Oracle Hospitality provides applications, services and hardware for point-of-sale, property management, reservations, distribution, sales and catering, kitchen management, mobility and loyalty systems that are used in restaurants, bars, hotels, casinos, stadiums, theme parks, universities, hospitals, and cruise lines. Dr Peter Agel, global segment leader for hotels, speaks to Hotel Management Middle East about how cloud solutions are changing the hospitality industry.
Dr Peter Agel: The hotel industry is undergoing disruptive transformation that is forcing chains and independent operators to become agile and responsive to customer expectations. This is driven by the modern guest who can control and personalise their experience before, during and after their stay by simply pushing a button. In a sense, the customer has seized control of the hotelier's business.
These savvy guests are mobile and expect to seamlessly use their devices to make reservations, check in, interact with staff, tap into entertainment options, check out and provide instant feedback. They are also informed through social media, empowered by the growth of OTAs and access meta-search engines that make it easy to compare prices across brands. Adding to a highly competitive hotel is the growth of non-traditional accommodators such as Airbnb.
While the marketplace for travel transforms, hotels face intense pressure to control costs, standardise operational systems, maintain IT infrastructures, enhance technology offerings and equip staff to respond quickly to service requests. They need to account for the necessity to secure customer information and financial data from hackers. These challenges are magnified within hotel groups that grow through mergers and acquisitions.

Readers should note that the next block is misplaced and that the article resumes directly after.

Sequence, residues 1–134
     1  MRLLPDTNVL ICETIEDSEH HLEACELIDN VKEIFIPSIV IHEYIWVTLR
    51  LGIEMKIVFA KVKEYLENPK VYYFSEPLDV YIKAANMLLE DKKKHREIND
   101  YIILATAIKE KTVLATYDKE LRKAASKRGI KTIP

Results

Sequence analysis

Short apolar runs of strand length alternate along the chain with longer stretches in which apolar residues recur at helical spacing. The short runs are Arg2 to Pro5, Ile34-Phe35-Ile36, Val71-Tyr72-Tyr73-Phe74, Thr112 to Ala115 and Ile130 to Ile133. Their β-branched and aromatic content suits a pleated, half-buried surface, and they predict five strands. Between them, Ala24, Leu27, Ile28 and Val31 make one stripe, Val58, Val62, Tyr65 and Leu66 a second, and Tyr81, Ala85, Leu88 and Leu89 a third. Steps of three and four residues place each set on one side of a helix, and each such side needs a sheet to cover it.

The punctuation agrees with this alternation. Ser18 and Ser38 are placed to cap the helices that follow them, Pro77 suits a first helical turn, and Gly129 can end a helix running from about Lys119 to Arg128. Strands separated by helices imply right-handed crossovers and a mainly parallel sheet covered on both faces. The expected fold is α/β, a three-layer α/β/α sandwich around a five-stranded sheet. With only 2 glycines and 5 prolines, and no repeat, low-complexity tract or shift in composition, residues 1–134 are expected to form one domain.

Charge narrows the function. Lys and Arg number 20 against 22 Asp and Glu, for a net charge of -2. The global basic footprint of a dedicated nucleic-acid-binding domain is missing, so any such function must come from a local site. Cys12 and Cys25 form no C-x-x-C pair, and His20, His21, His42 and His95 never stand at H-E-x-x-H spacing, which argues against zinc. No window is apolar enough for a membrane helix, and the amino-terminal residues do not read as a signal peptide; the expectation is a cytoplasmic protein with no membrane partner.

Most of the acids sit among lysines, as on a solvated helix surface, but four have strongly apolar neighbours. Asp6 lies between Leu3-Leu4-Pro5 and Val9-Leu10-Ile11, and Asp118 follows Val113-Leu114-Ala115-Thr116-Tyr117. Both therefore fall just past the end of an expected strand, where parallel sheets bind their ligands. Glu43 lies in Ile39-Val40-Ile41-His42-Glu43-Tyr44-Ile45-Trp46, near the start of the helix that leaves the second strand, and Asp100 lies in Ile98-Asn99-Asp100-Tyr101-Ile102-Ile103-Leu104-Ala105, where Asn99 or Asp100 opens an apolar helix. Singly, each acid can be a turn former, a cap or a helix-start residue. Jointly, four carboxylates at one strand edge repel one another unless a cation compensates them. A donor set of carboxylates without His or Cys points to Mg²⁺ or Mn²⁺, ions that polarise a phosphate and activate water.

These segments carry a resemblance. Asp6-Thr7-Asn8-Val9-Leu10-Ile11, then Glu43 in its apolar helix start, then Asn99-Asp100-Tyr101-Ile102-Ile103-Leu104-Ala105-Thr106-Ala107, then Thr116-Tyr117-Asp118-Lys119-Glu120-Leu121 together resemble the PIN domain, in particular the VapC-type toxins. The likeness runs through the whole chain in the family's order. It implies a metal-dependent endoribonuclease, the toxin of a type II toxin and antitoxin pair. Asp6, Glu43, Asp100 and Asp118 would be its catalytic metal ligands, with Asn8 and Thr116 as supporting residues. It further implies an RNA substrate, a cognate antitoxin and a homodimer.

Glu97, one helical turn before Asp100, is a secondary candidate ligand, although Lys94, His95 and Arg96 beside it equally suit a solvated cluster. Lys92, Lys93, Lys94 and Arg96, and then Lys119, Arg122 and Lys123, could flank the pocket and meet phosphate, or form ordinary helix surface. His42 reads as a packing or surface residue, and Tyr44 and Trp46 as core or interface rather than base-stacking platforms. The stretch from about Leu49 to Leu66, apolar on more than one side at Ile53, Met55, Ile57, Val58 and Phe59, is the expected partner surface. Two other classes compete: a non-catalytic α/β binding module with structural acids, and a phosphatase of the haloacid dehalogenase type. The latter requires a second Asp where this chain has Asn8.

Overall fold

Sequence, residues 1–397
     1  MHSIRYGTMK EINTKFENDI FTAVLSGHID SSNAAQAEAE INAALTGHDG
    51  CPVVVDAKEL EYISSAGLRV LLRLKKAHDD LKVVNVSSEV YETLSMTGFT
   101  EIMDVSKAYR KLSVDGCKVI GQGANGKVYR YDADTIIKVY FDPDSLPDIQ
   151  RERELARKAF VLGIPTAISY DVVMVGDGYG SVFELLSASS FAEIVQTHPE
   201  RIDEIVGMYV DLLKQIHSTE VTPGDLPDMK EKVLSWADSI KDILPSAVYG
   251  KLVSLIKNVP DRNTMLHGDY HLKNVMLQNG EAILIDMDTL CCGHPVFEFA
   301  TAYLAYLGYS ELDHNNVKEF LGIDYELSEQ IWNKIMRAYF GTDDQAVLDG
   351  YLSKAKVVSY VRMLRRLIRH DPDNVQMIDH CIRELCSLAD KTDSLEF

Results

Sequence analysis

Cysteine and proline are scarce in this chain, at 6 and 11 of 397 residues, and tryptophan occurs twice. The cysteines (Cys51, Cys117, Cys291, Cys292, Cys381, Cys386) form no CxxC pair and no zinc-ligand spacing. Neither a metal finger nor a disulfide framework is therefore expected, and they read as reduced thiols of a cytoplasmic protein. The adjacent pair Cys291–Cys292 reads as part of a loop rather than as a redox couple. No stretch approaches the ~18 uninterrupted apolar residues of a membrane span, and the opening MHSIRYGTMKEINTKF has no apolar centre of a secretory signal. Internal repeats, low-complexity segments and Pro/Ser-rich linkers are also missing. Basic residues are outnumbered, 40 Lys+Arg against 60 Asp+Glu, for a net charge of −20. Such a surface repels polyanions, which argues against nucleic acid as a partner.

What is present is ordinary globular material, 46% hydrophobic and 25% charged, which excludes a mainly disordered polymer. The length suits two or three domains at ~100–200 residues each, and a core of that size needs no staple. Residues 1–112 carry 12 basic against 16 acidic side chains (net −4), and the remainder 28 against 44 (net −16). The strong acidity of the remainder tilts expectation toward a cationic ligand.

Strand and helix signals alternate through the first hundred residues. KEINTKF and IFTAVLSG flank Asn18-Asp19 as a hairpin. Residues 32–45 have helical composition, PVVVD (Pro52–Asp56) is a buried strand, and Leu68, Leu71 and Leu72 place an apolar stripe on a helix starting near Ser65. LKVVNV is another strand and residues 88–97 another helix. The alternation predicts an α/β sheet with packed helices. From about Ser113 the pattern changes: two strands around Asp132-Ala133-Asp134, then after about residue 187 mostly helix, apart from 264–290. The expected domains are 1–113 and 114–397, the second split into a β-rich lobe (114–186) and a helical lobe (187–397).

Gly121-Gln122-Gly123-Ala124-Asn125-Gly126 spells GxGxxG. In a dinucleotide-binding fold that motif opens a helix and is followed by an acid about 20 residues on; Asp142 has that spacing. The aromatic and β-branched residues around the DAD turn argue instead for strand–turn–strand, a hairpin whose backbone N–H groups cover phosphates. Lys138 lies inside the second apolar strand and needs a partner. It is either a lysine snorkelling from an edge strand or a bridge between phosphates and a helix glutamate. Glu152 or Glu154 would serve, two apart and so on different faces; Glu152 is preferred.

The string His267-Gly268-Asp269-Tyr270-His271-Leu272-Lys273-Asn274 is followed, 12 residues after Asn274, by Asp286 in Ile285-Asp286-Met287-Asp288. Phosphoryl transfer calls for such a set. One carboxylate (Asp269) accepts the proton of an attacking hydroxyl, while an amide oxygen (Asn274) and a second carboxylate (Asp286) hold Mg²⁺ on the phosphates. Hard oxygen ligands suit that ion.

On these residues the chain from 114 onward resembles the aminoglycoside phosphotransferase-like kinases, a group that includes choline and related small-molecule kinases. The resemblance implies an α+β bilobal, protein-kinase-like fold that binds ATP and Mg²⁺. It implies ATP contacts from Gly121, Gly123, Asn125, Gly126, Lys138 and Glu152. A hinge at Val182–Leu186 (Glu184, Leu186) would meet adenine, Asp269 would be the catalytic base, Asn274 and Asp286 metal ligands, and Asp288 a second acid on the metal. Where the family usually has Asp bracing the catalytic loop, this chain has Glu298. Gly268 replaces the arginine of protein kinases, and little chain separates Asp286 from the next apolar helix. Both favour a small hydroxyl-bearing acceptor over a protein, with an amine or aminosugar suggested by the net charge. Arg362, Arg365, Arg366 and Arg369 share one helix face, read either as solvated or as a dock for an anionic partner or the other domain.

Despite this, when managing bookings, the solution remains simple: give discerning travellers efficient and personal service, whether the interaction is over the phone, via email, on an internal website, via a travel agency or through an internet partner. Many hoteliers face slimmer margins as they rely increasingly on bookings through third-party intermediates such as OTAs , meta-search engines, and GDSs. Some hotels have lost control of their distribution channels entirely.
When reservations go through intermediaries such as OTAs and GDSs, hotels benefit from these portals' market reach and global marketing activities, but they have limited control over the shopping experience. This method of working with internet partners dominates the industry. According to TravelClick, North American hotels get nearly 20% of room nights via GDSs and 15% via OTAs. While the GDS share has been high for years - and did not decrease as many experts predicted - the OTA share continues to rise. Priceline and other portals are also expanding towards powering booking engines on brand.com.
In response to these pressures, hotels of all sizes and complexities are turning to cloud-based solutions that remove the need for hotels to set up and maintain IT infrastructure at each property, simplifying the IT environment and reducing costs. Cloud-based operational platforms go beyond property management. They include powerful capabilities for point-of-sale operations and distribution.
Cloud solutions help hotels manage distribution channels and make insightful decisions about pricing, customer engagement and inventory management.
Cloud-based distribution systems ensure connectivity to multiple points of sale. They are hosted and managed by a third-party provider, which relieves the hotel of managing the infrastructure. Hotels can select which partners they want to do business with and let the cloud provider make the connections.